Optical Networks - _6_1 SONET_SDH_74

Spe path overhead vt group sts 1 spe sts 1 sts 3c spe

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(SPE + path overhead) VT group STS-1 SPE STS-1 STS-3c SPE STS-3c DS1 1.544 Mb/s E1 2.048 Mb/s DS1C 3.152 Mb/s DS2 6.312 Mb/s DS3 44.736 Mb/s ATM 48.384 Mb/s E4 139.264 Mb/s ATM 149.760 Mb/s STS- N + 4 + 1 + 7 + N + N /3 + 2 + 3 Figure 6.2 The mapping of lower-speed asynchronous streams into virtual tributaries in SONET. STS payload pointer VT pointer STS-1 SPE VT SPE Transport overhead Payload Figure 6.3 The use of pointers in a SONET STS-1 signal carrying virtual tributaries (VTs). The STS payload pointer in the transport overhead points to the STS-1 synchronous payload envelope (SPE) and the VT pointer inside the STS-1 SPE points to the VT SPE.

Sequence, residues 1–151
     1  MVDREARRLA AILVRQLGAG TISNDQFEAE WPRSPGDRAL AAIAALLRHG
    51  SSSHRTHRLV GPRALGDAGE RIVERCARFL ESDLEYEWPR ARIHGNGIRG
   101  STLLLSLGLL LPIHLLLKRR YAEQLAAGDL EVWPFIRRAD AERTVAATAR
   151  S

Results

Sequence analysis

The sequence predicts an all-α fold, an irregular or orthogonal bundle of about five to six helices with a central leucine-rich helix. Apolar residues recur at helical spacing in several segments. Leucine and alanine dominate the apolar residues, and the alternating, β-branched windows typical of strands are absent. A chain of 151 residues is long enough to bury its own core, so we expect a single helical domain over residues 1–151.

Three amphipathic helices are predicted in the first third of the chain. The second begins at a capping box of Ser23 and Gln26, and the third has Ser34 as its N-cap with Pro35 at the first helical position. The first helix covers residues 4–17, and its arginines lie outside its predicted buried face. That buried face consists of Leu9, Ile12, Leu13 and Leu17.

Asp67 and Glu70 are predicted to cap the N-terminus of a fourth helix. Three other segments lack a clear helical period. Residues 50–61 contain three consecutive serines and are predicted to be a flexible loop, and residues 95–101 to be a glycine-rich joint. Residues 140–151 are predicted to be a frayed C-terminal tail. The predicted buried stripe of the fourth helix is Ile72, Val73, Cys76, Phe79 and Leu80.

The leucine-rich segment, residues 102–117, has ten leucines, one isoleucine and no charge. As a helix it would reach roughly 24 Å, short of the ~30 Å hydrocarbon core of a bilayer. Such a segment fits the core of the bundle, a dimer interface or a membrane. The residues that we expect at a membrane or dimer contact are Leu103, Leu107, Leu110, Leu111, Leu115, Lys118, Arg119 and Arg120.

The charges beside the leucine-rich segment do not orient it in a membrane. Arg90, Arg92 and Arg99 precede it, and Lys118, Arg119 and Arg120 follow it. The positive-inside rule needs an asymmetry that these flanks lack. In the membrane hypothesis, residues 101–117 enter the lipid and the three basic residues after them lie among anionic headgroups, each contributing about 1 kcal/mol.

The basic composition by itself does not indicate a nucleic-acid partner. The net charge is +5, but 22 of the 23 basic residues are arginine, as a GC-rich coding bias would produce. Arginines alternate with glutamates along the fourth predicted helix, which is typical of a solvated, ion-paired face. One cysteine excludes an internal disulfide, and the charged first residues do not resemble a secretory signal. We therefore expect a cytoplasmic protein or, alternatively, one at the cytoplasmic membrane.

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6.1 SONET/SDH 377 6.1.2 VCAT and LCAS As we discussed earlier, SONET has the option of locking or concatenating multi- ple STS-1 payloads to carry client signals. Commonly supported concatenations are STS-3c, STS-12c, STS-48c, and STS-192c, which correspond to the line rates shown in Table 6.2. A drawback of concatenation is that the constituent payloads must be contiguous. Thus, if there are two STS-1s that are adjacent but a third STS-1 that is not, the three could not be concatenated together to form an STS-3c. This can leave stranded unused bandwidth. Another drawback is that since there are a limited number of concatenated connection rates, STS-3c, STS-12c, . . . , there can be a mismatch between the client signal rate and the available SONET/SDH connection rates. For example, the smallest SONET concatenated connection that can carry a Gigabit Ethernet link is a 2.5 Gb/s STS-48c connection, which is an overprovision- ing by 150%. Yet another drawback is that older SONET DCS equipment switch at STS-1 rates and cannot switch larger payloads. In this case, implementing con- tiguous concatenated services will require upgrading intermediate SONET switching equipment, which can be expensive. Virtual Concatenation (VCAT) addresses these problems by allowing noncon- tiguous payloads to be combined as a single connection. Such a grouping is referred to as a virtual concatenation group (VCG). VCAT is an inverse multiplexing tech- nique that combines multiple connections into a single connection at the aggregate bandwidth. For example, STS-1-12v is a SONET VCAT connection with the same data rate as an STS-12c and is composed of 12 STS-1 payloads, which are possibly noncontiguous. Here, the "v" in STS-1-12v means virtual concatenation . Another SONET VCAT connection with the same data rate is an STS-3c-4v, which is com- posed of four STS-3c connections. The VCAT notation for SONET is STS- N - M v, where N is the size of a member and M is the number of members in a VCG. The values of N are the standard concatenated payload sizes, and commonly STS-1 and STS-3c. The M values have fewer restrictions than contiguous concatenation, and as a result the right-sized bandwidth can be provisioned for a data application. Going back to our Gigabit Ethernet application, VCAT can provide a 1.05 Gb/s STS-3-7v connection, which is an overprovisioning of only 5%. SDH also has virtual concatenation. The VCAT notation for SDH is VC- N - M v, for example, VC-4-7v is composed of seven VC-4 connections, and VC-3-5v is composed of five VC-3 connections.
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